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From April 27-May 5, NC State students took the usual end-of-semester finals delivered by faculty. However, finals week looked a little different this year because of the switch from in-person to remote education caused by the COVID-19 pandemic. To combat these changes, professors began discussing ways to implement accessible finals for their students.

Dr. Lianne Cartee, director of the undergraduate program in biomedical engineering, said her fellow department staff prepared individually to administer finals before the end of the semester.

“There were a lot of workshops and a lot of resources available to instructors, so we didn’t collectively tackle it as a faculty, but we individually attended university workshops,” Cartee said. “The workshops spent a lot of time talking about the best ways to reduce student stress, look at academic integrity, the software available to us and really just familiarizing us with the tools available.”

Beth Wright Fath, teaching associate professor and head of the Department of Health and Exercise Studies, discussed some of the struggles her department faced. With Carmichael Gym largely closed off to students, instructors had to address the differences in equipment available to students in their homes.

“Obviously some students have access to home gyms or access to weights,” Fath said. “I know one faculty member said she had a student who was using her outdoor furniture, so lifting chairs and tables, so I think it was a testament of creativity and collaboration between faculty and students. I know some people would tell students to use water bottles or milk jugs that you can adjust the water to adjust the weights, for example.”

Adaptability has largely been the motto for a lot of the NC State faculty and staff when administering finals. According to Fath, while many classes were capable of transferring their physical tests to online examinations, not all finals could be easily transferred to websites such as Moodle. Classes such as Archery and Symphonic Band, both originally requiring large on-campus spaces such as Carmichael Gym or Stewart Theatre respectively, could not administer their usual finals and turned to written exams.

Other classes used more outside applications, with many instructors in the Department of Health and Exercise Studies using various workout recording applications to track physical activities such as walking or running in classes such as Fitness Walking. Scott Despain, associate professor and associate head of the Department of Foreign Languages and Literature, discussed how foreign language courses at NC State were utilizing technology to administer finals.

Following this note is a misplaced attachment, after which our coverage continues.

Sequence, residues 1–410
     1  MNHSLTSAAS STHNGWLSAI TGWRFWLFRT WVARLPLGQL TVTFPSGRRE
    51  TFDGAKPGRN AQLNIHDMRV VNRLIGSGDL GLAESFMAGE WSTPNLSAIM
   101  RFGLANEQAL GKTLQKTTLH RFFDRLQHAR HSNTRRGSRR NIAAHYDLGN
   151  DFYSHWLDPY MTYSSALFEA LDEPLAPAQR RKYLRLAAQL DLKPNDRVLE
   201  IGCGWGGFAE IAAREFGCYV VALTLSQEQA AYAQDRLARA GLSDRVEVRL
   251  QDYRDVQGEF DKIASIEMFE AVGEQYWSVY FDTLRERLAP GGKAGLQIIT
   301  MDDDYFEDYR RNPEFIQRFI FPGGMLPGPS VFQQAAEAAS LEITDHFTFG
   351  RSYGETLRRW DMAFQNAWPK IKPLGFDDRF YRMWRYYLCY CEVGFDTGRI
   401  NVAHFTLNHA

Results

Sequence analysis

“So there’s probably three different scenarios in our department,” Despain said. “Some have been sending a hard copy of the final and having a Zoom session for the students to take the test and send it back, and others have been using Google Forms and its quizzing capabilities in terms of our lower divisions. As for our upper divisions, they have continued to do their presentations and projects either synchronously or recorded.”

Grades have also been a key point of discussion during finals for many faculty and staff. While many final examinations have largely tried to stay on-par with the rigor of courses prior to NC State’s response to COVID-19, many professors have had to adapt their finals to better fit the needs of their students. According to Fath, the Department of Health and Exercise Studies shifted many of the traditional weightlifting class finals to focus more bodyweight exercises.

With finals over, first-year studying civil engineering, Clayton Hinson, expressed various sentiments about experiencing finals during the COVID-19 pandemic, and said he has mixed feelings on how some professors administered finals.

“All physics tests in the past, for example, were multiple choice and they decided to make the online tests free response and that was just an entire mess,” Hinson said. “These are such different times. You don't know what people are going through and their situation. I know personally I don’t have as much time to study because I’m having to do stuff with my family, so I think the university should be more understanding with finals and their difficulty.”

The Spring 2020 semester and its correspondent finals week ended on May 5, with Summer Session I starting this year on May 13.

Assistant Opinion Editor

I am a first year student studying English with a concentration in Language, Writing, and Rhetoric. I started out as a correspondent writer in the Fall 2019 semester, and since then have been working as Assistant Opinion Editor.